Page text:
In-Vitro Fertilisation (IVF)
In-Vitro Fertilisation (IVF) is an assisted reproduction technique that enables us to fertilise eggs with sperm outside of the uterus in a laboratory setting. Embryos obtained with this method are later placed in the uterus.
Types of In-Vitro Fertilisation
The Treatment step by step
1. Stimulation of the ovaries
In vitro Fertilisation and Intracytoplasmic Sperm Injection usually begin with the stimulation of the ovaries through the use of medication, the action of which is similar to that of certain hormones produced by women. The purpose of this treatment is to obtain the development of several follicles, inside which the eggs can be found. In order to avoid spontaneous ovulation, other drugs with hormonal action will be prescribed.
2. Follicular puncture and egg retrieval
The eggs (or oocytes) are extracted by a puncture of the ovaries and vaginal aspiration of the follicles under ultrasound supervision. This intervention is usually performed on an outpatient basis and requires anaesthesia and subsequent observation for a variable period.
The eggs (or oocytes) obtained are prepared and classified in the laboratory. The number of eggs that are extracted during the egg retrieval, their maturity and quality cannot be accurately predicted, and there is even a possibility that no or no viable eggs are obtained.
2.1 Preparation of the semen
Couple’s semen: The male collects the semen sample in the same room his wife is assigned to. Later, it is collected by a nurse to take it to the laboratory and process it.
Donor semen: The semen sample comes from our sperm bank where the most suitable donor will be selected in accordance to current legislation.
The cryopreserved semen is thawed in the Andrology Laboratory and will be processed for later use in in vitro fertilisation.
The Intracytoplasmic Sperm Injection (ICSI) is performed, the sperm is microinjected, so that one sperm is introduced into each egg.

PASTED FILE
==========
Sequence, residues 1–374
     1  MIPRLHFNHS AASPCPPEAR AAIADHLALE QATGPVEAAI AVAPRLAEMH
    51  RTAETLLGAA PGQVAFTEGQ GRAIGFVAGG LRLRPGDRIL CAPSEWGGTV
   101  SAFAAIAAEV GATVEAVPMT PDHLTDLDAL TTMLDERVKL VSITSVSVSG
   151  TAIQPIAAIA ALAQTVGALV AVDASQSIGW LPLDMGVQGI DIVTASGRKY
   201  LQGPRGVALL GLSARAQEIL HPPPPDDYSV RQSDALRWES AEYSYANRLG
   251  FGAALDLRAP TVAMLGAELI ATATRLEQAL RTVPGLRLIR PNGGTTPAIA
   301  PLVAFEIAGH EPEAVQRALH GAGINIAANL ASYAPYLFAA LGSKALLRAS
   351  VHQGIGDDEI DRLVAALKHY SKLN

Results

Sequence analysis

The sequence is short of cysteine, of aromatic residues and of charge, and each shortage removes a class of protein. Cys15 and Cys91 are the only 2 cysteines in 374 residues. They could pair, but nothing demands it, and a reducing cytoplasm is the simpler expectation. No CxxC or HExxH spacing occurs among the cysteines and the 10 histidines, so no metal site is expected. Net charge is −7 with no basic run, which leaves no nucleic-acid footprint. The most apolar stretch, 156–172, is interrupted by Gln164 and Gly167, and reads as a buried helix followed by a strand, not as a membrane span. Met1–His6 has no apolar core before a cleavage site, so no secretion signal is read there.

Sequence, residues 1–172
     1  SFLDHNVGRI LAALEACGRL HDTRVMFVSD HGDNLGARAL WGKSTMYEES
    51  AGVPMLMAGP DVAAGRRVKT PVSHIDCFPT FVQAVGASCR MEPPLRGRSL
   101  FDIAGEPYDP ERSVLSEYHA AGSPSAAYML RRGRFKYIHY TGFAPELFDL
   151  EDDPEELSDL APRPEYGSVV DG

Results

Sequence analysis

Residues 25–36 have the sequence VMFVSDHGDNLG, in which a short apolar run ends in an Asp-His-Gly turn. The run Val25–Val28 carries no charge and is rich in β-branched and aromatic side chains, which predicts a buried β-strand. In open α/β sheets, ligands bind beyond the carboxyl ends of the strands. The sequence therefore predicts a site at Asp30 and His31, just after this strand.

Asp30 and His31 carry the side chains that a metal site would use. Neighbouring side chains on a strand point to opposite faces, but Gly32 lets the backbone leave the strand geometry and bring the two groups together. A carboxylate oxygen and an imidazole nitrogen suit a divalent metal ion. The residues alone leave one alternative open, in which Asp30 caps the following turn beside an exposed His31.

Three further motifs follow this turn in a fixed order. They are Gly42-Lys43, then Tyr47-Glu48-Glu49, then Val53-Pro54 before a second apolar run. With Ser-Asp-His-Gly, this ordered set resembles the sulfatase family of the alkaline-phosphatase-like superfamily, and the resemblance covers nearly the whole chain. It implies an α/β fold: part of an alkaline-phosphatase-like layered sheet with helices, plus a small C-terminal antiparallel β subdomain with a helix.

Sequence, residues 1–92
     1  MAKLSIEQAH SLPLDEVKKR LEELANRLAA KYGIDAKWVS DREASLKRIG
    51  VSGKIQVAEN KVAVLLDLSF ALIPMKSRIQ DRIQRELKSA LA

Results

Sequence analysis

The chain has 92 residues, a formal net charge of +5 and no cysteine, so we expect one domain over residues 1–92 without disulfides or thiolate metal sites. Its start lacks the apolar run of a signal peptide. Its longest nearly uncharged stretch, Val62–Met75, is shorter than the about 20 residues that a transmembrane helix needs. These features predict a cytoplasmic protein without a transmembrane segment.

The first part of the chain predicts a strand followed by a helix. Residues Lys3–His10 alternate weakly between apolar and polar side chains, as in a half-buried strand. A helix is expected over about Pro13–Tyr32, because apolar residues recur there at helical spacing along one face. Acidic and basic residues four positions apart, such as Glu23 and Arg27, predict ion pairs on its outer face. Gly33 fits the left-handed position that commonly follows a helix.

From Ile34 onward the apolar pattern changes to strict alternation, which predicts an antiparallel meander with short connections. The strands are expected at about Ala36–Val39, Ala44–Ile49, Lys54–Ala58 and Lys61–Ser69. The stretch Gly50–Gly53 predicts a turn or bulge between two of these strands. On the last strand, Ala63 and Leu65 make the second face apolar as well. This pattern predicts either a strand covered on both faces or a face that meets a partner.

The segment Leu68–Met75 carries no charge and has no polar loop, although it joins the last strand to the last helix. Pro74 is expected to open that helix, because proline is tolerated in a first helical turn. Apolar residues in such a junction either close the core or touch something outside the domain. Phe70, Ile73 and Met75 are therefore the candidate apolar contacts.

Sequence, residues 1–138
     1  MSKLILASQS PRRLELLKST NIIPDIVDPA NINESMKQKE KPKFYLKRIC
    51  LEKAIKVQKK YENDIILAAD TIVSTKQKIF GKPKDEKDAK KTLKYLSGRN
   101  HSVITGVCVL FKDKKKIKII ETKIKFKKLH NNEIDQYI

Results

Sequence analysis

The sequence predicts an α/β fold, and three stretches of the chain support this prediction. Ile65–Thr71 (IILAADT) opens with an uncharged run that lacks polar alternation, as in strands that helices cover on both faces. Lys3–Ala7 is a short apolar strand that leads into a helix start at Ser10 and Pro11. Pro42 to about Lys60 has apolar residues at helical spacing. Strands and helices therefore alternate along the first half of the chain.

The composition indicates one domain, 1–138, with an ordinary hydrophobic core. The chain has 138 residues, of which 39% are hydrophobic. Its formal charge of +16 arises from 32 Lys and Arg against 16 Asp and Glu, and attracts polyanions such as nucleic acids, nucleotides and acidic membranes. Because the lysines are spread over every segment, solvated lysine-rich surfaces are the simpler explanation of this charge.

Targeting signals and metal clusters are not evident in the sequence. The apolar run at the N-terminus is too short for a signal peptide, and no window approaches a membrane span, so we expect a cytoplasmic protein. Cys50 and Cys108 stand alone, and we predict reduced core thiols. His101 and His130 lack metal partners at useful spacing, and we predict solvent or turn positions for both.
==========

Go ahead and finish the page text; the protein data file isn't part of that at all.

4. Embryonic Culture
16-18 hours after IVF or ICSI, the number of fertilised eggs will be determined, and they will be left in the incubator for observation during the following days of culture with special monitoring. Every day the number and quality of embryos that continue to develop will be assessed. The embryos will be kept in the laboratory for a period of 2 to 6 days, after which they will be transferred and / or frozen in some cases.
At the Tambre Clinic we use Time-Lapse systems for evaluating embryonic viability through morphokinetics.
The Embryo transfer is a simple and painless procedure that is performed with the help of an abdominal ultrasound. It consists of inserting the embryo in the uterine cavity, with a very fine cannula. In order to promote embryonic implantation. Hormonal treatment is also prescribed.
It is important that you have previously drunk a couple of glasses of water and have a full bladder, which will make it easier to see in the ultrasound where to place the embryos exactly. After the transfer, you will rest for approximately half an hour in the room until you can go home. For this, it is recommended that you bring a nightgown or robe. This will make the wait more comfortable.
The embryo transfer can be done on day +2 (48 hours after puncture), on day +3 (after 72 hours), or 5 days later if a long culture and blastocyst transfer is performed. The day of the transfer depends on each personal circumstance of the cycle and the patient.
The Spanish Assisted Reproduction Law allows a maximum number of 3 embryos to be transferred. In order to avoid multiple pregnancies, at Tambre we usually transfer a maximum of two embryos and in many occasions, it is advisable to transfer only one.
Finally, if there are viable embryos left from a previous In vitro fertilisation cycle, they will be preserved by freezing or vitrification.
6. Pregnancy test
The pregnancy test is performed 10 days later. It consists of the determination of a hormone: the beta hCG in the blood. Its level will be examined to know more precisely how the pregnancy is developing.